On the referendum 24I: new research on Facebook & ‘psychographic’ microtargeting

Summary: a short blog on a new paper casting doubt on claims re microtargeting using Facebook.

The audience for conspiracy theories about microtargeting, Facebook and Brexit is large and includes a big subset of SW1 and a wider group (but much smaller than it thinks it is) that wants a rematch against the public. The audience for facts, evidence and research about microtargeting, Facebook and Brexit is tiny. If you are part of this tiny audience…

I wrote a few days ago about good evidence on microtargeting in general and Cambridge Analytica’s claims on ‘psychographics’ in particular (see HERE).

Nutshell: the evidence and science re ‘microtargeting’ does not match the story you read in the media or the conspiracy theories about the referendum, and Vote Leave did not do microtargeting in any normal sense of the term.

Another interesting paper on this subject has been published a few days ago.


One of the most influential researchers cited by the media since Brexit/Trump is Michal Kosinski who wrote a widely cited 2015 paper on predicting Big 5 personality traits from Facebook ‘likes’: Computer-based personality judgments are more accurate than those made by humans.

Duncan Watts, one of the leading scholars in computational sociology, pointed out:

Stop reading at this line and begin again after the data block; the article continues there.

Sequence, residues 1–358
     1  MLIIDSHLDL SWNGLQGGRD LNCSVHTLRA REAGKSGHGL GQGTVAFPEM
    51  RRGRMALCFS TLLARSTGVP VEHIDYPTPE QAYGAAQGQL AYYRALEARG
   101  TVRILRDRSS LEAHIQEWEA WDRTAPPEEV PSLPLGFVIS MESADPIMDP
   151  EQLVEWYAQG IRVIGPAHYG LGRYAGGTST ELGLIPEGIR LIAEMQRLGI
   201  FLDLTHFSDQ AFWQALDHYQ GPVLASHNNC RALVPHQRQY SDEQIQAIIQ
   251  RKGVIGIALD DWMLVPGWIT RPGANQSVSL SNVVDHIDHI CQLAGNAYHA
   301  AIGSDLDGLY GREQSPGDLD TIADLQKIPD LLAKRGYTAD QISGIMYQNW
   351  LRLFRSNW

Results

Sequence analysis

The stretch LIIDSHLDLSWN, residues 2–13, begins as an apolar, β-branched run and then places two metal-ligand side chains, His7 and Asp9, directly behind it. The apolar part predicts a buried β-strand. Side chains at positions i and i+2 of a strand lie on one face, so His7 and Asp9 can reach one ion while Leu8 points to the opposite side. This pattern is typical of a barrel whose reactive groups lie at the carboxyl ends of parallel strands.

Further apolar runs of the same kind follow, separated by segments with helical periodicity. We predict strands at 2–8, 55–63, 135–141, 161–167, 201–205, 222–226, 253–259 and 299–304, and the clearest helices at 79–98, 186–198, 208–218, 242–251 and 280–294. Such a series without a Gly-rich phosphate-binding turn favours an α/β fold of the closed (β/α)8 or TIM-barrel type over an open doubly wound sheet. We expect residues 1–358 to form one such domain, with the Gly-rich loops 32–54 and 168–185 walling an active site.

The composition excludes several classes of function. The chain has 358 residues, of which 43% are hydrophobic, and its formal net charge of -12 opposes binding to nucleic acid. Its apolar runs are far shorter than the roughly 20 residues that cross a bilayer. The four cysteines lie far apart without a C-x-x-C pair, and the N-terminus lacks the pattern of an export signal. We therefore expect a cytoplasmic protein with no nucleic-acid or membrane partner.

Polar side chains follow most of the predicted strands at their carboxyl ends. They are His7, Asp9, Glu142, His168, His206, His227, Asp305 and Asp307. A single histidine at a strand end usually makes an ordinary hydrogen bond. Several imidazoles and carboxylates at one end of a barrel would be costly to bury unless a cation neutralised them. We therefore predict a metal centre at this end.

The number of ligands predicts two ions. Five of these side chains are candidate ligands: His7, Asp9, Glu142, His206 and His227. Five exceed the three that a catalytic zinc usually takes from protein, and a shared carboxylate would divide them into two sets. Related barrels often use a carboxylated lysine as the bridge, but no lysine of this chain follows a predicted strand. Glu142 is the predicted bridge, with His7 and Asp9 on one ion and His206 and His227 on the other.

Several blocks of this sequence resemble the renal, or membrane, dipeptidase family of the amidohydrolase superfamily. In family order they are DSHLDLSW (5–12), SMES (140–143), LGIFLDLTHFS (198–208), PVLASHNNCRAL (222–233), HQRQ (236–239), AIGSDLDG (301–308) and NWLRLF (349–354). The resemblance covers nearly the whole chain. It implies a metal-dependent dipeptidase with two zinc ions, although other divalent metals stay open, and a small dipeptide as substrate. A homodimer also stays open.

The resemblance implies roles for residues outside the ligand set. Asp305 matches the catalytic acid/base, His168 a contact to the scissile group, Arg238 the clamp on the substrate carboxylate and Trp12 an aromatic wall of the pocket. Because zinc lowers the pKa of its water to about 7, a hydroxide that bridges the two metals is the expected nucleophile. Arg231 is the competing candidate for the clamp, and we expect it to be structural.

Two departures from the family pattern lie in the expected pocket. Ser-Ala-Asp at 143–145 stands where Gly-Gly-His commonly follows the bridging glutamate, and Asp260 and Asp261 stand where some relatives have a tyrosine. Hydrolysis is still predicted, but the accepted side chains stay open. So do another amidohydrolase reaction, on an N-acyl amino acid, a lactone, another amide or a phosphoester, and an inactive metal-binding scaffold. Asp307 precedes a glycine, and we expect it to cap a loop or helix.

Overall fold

‘All it shows is that algorithmic predictions of Big 5 traits are about as accurate as human predictions, which is to say only about 50 percent accurate. If all you had to do to change someone’s opinion was guess their openness or political attitude, then even really noisy predictions might be worrying at scale. But predicting attributes is much easier than persuading people.’

Kosinski published another paper recently: Psychological targeting as an effective approach to digital mass persuasion (November 2017). The core claim was:

‘In three field experiments that reached over 3.5 million individuals with psychologically tailored advertising, we find that matching the content of persuasive appeals to individuals’ psychological characteristics significantly altered their behavior as measured by clicks and purchases. Persuasive appeals that were matched to people’s extraversion or openness-to-experience level resulted in up to 40% more clicks and up to 50% more purchases than their mismatching or unpersonalized counterparts. Our findings suggest that the application of psychological targeting makes it possible to influence the behavior of large groups of people by tailoring persuasive appeals to the psychological needs of the target audiences.’